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Should I Have Employees Sign an Arbitration Agreement?

Employers typically ask new employees to review and understand their company’s policies, to read and sometimes sign the Employee Handbook, and to go through training. One additional document that you, as an employer, might consider is an Arbitration Agreement. While it’s true that Arbitration Agreements only become relevant if there is an employment dispute, this type of arrangement can save your business significant time and legal costs if it is appropriately enforced.


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What is the purpose of an Arbitration Agreement?

An Arbitration Agreement is a legal contract that requires the parties to resolve any disputes they might have through an arbitration process instead of filing a traditional lawsuit. Arbitration is similar to a trial, but it uses a neutral third-party to evaluate the dispute instead of a judge or jury. Arbitration is a private process.

Arbitration is a favored method for settling disputes because it is often faster, costs less than going to trial, and is generally less formal than presenting the case in court. For example, the rules of evidence generally do not apply in arbitration, unless the parties agree that they should. Since arbitration is private, there is no public record of the filings or the facts and legal matters at issue, which can be helpful for both the employer and the employee in some circumstances.

Parties who choose to settle their disputes through arbitration have the advantage of selecting their arbitrator. This is particularly helpful if you know that your industry is very technical or complicated, where someone with specialized knowledge is beneficial.

Can I require an employee to sign an Arbitration Agreement?

You can certainly ask that your employee sign an Arbitration Agreement as part of the onboarding process. While an employee cannot be required to sign an Arbitration Agreement, you, as the employer, may refuse to hire an employee who chooses not to sign it. In some respects, the arbitration agreement can then become a mandatory term of employment.

You may very well decide to rescind an employment offer if the employee will not agree to arbitration. However, if you are hiring an employee with an Employment Contract, rather than as an “at-will” employee, then you may want to check that the requirement doesn’t overstep your contractual rights. You may want to include language in the Employment Contract that an Arbitration Agreement is required for a contract for services.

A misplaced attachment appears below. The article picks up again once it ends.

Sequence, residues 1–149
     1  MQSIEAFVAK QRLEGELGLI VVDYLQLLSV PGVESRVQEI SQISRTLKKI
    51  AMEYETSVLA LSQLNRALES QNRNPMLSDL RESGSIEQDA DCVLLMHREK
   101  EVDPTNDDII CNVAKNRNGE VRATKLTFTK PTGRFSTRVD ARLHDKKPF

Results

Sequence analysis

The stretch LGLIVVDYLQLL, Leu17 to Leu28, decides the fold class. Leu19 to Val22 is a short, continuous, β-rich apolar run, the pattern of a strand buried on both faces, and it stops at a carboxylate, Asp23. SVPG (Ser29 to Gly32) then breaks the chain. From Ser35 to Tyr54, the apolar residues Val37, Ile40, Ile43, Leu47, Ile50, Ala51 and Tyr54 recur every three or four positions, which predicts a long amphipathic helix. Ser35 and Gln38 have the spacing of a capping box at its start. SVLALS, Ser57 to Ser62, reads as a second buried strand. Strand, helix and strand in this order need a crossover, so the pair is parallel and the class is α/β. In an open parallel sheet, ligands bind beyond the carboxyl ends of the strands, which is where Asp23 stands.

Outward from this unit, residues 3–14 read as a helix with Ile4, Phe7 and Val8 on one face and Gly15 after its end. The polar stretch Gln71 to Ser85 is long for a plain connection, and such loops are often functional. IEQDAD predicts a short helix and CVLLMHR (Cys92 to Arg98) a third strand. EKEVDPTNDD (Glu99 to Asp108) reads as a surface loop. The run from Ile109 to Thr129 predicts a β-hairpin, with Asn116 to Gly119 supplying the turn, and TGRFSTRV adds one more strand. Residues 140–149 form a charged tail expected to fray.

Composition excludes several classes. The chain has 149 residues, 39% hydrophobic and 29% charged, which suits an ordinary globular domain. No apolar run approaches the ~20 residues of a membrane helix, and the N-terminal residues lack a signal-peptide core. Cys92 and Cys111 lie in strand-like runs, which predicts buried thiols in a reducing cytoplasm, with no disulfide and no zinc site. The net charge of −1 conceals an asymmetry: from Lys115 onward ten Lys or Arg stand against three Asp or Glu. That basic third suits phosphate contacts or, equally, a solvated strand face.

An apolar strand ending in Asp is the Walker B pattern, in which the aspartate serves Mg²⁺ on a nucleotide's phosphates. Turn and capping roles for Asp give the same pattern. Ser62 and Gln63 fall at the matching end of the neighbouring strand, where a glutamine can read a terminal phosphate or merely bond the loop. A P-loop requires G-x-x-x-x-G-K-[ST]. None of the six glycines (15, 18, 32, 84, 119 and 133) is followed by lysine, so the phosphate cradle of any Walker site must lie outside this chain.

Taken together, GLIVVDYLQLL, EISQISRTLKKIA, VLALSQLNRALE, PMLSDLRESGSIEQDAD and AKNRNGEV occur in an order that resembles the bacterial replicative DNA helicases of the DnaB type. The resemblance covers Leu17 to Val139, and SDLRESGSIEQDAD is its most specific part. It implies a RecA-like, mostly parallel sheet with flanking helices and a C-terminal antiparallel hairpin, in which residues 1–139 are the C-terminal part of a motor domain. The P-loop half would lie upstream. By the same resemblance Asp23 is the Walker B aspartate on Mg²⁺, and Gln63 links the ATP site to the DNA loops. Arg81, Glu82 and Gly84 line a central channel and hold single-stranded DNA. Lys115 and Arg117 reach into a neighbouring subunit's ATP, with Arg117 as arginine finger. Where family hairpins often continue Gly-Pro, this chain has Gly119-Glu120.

What if an employee doesn’t want to sign an Arbitration Agreement?

As an employer, you can’t force your employee to sign an Arbitration Agreement. If the employee refuses to sign it, you have two options:

  1. Let their employment continue, knowing that if there is a dispute, it will be heard in court rather than through arbitration
  2. Rescind an employment offer or terminate their employment

For some employers, an Arbitration Agreement would be preferred but may not be a deal-breaker. In other situations, employers may specifically require that all employees sign an Arbitration Agreement as a condition of employment.

Be aware that not all arbitration agreements will be considered valid if they are challenged in court. For instance, it may be worded incorrectly, biased toward the employer, or forces the employee to cover too much of the cost. In those situations, the employee might file a lawsuit in court to challenge the agreement and request to move forward with their case with a judge or jury.

Are digitally signed Arbitration Agreements legally valid?

In the vast majority of situations, an electronic or digital signature will have just as much force and effect as an original signature. While there may be situations where a digital signature is not an option, these circumstances are rare.

Get more information about Arbitration Agreements

Arbitration Agreements can be a great way to reduce the cost of resolving employee disputes. While you can’t force your employees to sign anything, you do have the option of excluding current and prospective employees who refuse to enter into an Arbitration Agreement.

If you have more questions about the legal aspects of Arbitration Agreements, consider asking an attorney. They will be able to help you think through the advantages and disadvantages of these and other employment-related agreements. 

This article contains general legal information and does not contain legal advice. Rocket Lawyer is not a law firm or a substitute for an attorney or law firm. The law is complex and changes often. For legal advice, please ask a lawyer.

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